Suggest you start googling and reading up on "selling mlp taxes'.
As a plain old un-credentialed ordinary human, my understanding is that the distributions on MLPs do not count as qualified dividends (so no divy tax), but as a "Return Of Capital". So they reduce your cost basis. If you purchased an MLP long ago for $100, and have accumulated $50 in distributions (per share) since then, your cost basis for long term cap gains would be $CurrShr - $50.
It is entirely possible that if you hold an MLP long enough, the cost basis can go to $0, at which point the tax requirements on the ongoing distributions change. Also, there seems to be an aggregation process used, where the total costs basis of all of your (taxable) account's holdings of an MLP are tracked and represented on the K-1, so you may wish to track cost basis for separate holdings in separate accounts, but the parent MLP may not play along with that in their reporting.
My advice would be to a) research the general consequences so you can make a decision as to whether selling is a good idea or not, and then b) pay a tax preparer to deal (correctly) with the K1s and related paperwork. The cost of getting things right is well worth it. It may seem that you have an inordinately large tax burden when you sell, but keep in mind you've had years of compensating low tax costs.
Finally, if you choose to retain your holding, remember that you can periodically put any MLP holding on a "reinvest" setting, as a way of both bumping the cost basis back up, while further growing the revenue generation base.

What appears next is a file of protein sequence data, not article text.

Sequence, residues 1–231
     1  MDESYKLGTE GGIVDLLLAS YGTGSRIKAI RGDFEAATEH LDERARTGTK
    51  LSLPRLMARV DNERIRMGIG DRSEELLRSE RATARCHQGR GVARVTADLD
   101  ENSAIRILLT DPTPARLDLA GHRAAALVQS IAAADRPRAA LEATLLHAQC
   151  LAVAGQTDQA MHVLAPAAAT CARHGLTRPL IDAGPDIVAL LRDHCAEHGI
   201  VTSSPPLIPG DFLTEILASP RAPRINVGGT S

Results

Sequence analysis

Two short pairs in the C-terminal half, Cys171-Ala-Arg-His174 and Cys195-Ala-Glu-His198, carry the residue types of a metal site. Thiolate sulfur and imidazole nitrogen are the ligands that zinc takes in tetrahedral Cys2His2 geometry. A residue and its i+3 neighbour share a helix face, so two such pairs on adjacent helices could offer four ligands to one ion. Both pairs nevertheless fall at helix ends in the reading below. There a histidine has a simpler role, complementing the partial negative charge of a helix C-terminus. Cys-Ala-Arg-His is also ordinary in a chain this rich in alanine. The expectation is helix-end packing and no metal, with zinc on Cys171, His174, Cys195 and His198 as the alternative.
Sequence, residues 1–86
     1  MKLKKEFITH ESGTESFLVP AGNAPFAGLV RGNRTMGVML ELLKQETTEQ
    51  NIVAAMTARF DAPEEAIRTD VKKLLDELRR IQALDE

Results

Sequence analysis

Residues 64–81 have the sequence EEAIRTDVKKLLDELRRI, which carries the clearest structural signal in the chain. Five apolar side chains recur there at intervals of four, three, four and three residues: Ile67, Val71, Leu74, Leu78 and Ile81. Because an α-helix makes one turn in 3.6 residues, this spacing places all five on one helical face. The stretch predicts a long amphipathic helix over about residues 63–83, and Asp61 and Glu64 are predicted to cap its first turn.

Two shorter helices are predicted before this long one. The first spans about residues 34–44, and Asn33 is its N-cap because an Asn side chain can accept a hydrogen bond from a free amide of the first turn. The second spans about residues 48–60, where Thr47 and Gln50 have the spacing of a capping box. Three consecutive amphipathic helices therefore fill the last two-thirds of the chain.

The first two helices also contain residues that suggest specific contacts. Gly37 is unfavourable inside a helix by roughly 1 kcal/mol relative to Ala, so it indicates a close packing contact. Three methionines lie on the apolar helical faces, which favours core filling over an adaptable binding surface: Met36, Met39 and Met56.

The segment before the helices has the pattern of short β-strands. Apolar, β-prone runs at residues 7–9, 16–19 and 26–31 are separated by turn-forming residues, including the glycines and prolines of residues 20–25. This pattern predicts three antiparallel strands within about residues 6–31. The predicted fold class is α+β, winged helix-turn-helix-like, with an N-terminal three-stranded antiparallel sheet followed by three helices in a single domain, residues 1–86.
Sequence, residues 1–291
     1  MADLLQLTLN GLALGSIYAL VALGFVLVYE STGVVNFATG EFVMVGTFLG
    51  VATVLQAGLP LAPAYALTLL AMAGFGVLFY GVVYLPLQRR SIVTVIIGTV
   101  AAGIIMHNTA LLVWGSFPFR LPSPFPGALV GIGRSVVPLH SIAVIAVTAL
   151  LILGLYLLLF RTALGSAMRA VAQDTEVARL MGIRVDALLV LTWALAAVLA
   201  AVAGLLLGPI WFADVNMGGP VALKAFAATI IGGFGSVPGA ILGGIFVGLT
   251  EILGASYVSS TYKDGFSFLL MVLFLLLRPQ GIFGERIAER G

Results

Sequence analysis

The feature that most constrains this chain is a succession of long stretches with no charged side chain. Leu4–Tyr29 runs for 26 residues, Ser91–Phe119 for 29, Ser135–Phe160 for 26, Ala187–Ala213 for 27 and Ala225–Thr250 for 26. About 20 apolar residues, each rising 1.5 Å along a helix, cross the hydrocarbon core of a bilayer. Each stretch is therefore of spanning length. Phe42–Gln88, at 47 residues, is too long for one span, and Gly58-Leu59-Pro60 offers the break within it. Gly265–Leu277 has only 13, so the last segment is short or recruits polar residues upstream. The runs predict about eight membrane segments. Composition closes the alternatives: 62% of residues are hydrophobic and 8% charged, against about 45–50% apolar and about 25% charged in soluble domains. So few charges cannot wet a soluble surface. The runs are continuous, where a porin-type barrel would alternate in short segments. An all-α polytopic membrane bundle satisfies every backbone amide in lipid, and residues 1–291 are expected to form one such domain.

Your have all sorts of things mixed up. At the end of the year with MLPs you get a K-1. It will allocate your share of interest income, capital gains, and partnership income or loss. Those K-1 numbers through time determine waht you owe when you sell. Typically about 80- 90% of a distribution is depreciation and classified as return of capital. You need thus to recapture the depreciation on a sale. I suggest the original poster go to the National association of Publically traded Partnerships and read their MLP101 primer.
As a rough example. If you bought NS a while ago for say $20 and you capital account basis (from your K-1) is $10; in a very oversimplified calculation you would owe ordinary income on $10 and capital gains on $30. A MLP deferrs taxes, it does not eliminate them.
from spisam's post
"the full sales price was counted as a capital gain for tax purposes."
Sounds like you did your taxes wrong. What about the ordinary income reported on the sales schedule? Lucky you didn't get audited.